• Reviews are for readers and I shouldn’t mess with them. I may read them, but I will not comment on them.
  • I will only attempt to remove reviews that are clear violations of the Terms of Service related to the hosting site, never just because I didn’t like the review.
  • I will not pay for reviews.
  • I will not write a review of my own book.
  • I may give away books for the purpose of review, but only if I honestly don’t know whether the resulting review will be positive or negative, and I will ask reviewers to disclose that they received the book from me for free.
  • I hereby request that reviewers who know me in any capacity disclose that relationship at the top of their review.
  • Going forward, I will disclose my relationship (if any) with other authors whose books I review.

There is one activity that I feel compelled to denounce: Leaving a false negative review of another author’s book. I don’t see any way that intentionally bashing another author’s work for the sole purpose of harming their sales (and hopefully improving your own) can be defended as ethical behavior.

On the contrary, I have found that working with other authors on promotion activities is an effective way to support each other’s work and improve sales for all involved. It has also turned out to be a great way to make new friends. 🙂


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  1. Great post. I think your review rules are quite sensible and just, especially any that relate to astroturfing –an unforgivable sin, in my opinion. The one about requesting that reviewers identify their relationship with the author, while desirable, might be tough to "enforce," however.

    On a side note: As a reader and potential buyer, I always assume that a few of any author’s raves are from friends, family members, etc. and I’m okay with that. Those tend to show up uninvited, anyway. The key is to examine the balance of the reviews for their content — interesting description of the book with a quibble or two mentioned = valid review. Effusive gushing or spiteful commentary = invalid review.

  2. Thanks for visiting, Roger. Good to "see" you!

    I agree that disclosure is a tough one. As you say, many of the reviews we get from people we know are uninvited. I no longer ask for reviews. It’s not that I don’t want them, I just don’t want anyone to feel pressured into giving me one. (You can just tell what a great marketer I am.)

    Your comments about valid/invalid reviews are well taken. I believe readers are smart enough to spot the shills and the trolls. I’m not much of a review reader, but I apply the same filters you described when I do read them.

  3. I have always noted on my reviews how I obtained the book: whether I purchased it myself, got a review copy from the author, or traded with another author. I completely agree with you about full disclosure.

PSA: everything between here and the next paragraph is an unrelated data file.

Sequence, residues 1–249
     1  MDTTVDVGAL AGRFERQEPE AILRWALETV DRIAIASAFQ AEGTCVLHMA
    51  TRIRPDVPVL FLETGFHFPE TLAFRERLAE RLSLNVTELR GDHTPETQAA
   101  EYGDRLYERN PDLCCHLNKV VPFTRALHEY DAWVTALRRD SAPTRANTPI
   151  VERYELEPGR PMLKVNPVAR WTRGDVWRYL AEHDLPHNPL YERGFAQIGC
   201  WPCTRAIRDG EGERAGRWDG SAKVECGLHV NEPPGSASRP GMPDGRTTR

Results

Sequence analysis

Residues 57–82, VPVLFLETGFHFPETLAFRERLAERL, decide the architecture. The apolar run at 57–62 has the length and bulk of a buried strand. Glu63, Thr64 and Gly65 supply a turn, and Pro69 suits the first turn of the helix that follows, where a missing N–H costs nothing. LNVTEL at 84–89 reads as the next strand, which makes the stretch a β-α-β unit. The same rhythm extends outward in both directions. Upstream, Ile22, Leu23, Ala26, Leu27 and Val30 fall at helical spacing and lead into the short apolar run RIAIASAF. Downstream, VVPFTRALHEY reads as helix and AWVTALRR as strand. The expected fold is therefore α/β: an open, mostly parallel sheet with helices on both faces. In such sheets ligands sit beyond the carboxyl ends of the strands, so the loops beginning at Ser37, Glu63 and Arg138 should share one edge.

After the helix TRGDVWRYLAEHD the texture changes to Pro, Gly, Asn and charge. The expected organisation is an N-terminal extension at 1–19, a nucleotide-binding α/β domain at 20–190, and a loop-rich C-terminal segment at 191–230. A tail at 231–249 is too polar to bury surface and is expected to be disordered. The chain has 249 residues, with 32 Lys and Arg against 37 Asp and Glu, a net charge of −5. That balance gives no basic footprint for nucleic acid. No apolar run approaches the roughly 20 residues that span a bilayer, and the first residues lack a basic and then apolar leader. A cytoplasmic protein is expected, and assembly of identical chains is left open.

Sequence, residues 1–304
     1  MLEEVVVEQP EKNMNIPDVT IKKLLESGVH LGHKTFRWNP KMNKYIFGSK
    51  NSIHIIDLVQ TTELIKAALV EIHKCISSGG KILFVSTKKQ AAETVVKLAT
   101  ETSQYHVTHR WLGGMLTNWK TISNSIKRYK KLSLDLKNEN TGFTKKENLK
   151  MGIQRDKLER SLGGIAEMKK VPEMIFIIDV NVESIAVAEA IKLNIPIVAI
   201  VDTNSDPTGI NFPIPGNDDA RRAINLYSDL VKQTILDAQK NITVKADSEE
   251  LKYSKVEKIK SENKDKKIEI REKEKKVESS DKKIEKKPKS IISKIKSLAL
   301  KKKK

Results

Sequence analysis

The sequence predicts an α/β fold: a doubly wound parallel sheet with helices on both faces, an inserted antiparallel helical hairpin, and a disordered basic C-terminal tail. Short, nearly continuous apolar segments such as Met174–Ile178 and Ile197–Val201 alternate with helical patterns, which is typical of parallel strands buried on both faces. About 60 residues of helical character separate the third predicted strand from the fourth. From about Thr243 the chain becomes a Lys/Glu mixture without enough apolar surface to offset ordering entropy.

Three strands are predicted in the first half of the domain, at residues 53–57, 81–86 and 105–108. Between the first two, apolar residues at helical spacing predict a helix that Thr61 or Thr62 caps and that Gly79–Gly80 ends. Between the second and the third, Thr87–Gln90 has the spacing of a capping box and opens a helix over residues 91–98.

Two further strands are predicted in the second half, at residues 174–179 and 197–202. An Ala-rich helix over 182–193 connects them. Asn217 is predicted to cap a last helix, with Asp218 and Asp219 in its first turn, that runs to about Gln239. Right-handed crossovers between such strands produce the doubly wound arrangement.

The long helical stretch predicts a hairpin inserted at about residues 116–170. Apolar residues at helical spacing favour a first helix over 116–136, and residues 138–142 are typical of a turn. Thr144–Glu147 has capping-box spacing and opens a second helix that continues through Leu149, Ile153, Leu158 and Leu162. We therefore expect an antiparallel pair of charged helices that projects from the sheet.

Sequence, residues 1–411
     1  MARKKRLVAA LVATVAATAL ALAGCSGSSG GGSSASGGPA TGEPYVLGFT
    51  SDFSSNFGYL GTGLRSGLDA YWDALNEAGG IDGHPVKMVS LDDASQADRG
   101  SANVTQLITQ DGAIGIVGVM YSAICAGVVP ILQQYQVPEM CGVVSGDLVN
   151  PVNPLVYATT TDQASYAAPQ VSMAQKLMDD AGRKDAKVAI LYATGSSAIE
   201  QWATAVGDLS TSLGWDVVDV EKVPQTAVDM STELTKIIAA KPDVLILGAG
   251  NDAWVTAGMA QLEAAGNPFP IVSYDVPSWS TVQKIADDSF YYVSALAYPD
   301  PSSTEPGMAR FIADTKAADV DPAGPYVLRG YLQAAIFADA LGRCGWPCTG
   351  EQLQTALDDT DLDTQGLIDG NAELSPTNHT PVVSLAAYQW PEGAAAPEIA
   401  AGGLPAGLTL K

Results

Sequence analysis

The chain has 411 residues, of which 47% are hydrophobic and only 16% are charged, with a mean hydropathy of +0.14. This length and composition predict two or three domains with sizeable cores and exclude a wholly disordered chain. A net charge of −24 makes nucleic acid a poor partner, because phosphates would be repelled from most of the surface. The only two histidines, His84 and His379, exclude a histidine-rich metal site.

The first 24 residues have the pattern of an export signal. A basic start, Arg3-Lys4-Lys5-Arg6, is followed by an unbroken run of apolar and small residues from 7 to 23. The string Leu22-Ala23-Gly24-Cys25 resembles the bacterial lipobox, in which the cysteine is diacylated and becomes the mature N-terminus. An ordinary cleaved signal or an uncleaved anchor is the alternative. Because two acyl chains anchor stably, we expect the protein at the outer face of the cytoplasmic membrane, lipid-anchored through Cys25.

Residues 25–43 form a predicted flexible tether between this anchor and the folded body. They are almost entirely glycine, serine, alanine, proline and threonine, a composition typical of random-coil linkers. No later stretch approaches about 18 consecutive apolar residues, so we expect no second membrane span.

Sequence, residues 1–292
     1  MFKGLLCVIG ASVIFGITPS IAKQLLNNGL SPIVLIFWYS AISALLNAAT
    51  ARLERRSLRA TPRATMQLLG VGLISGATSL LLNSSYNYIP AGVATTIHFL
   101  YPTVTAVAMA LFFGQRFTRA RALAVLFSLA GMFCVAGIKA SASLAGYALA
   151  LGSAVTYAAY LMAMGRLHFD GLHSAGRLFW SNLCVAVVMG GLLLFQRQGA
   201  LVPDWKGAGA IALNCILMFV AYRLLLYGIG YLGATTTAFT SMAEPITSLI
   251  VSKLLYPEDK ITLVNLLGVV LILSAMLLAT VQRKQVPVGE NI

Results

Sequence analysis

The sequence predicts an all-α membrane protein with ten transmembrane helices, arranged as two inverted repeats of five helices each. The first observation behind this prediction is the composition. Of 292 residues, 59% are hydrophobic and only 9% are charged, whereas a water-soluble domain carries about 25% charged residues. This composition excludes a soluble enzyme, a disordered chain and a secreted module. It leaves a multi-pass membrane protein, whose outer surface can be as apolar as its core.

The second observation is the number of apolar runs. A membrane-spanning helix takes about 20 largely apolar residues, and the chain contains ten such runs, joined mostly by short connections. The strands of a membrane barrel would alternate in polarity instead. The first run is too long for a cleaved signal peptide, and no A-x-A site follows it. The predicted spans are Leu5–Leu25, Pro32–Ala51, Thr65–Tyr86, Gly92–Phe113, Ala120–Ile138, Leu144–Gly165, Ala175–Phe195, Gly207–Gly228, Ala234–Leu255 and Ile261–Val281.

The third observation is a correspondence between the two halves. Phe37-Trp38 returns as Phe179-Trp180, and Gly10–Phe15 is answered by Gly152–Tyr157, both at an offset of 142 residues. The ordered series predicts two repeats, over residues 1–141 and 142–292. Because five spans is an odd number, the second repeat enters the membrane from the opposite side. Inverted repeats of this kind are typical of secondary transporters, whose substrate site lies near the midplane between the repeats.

It would probably be more difficult for me to review the work of someone who I had a relationship with if it wasn’t already so darned difficult to review a book in the first place. I’m a nice guy, so I always try to cast things in the best light that I can. I’m also a very picky reader, which means that if I even finish a book, it’s got to be pretty good — because I’ll drop a bad one like a hot potato.

    The frightening problem, I fear, is how corrupt the review process has already become. We now know, for instance, that John Locke’s "How I Sold A Million e-Books" is a load of, well, horse manure. How many of the so-called "best-selling" indie authors have taken this easy way out because they were too lazy (or too morally bankrupt) to do things the honest way?

    Worse — what does the fact that it WORKED say about the reader/consumer, who obviously fell for this trap hook, line and sinker?

  4. I’ll tell you what it says about the reader/consumer who falls for the fake review trap: they are far too trusting. [Cue image of Governor Tarkin about to blow up Alderaan.]

    I don’t have much hope for it, but it would be nice if we could mend the review system before readers completely lose faith in it.

    I’m like you when it comes to reviews. If I don’t like a book, I usually won’t finish it. If I do finish it, I certainly won’t go out and tell the world that it is a piece of junk. I can report that my tastes are often at odds with other readers, and I would not want to ruin someone else’s chance of finding their favorite book of all time just because I didn’t like it.

    My contribution to the review system is honest, but rather one-sided.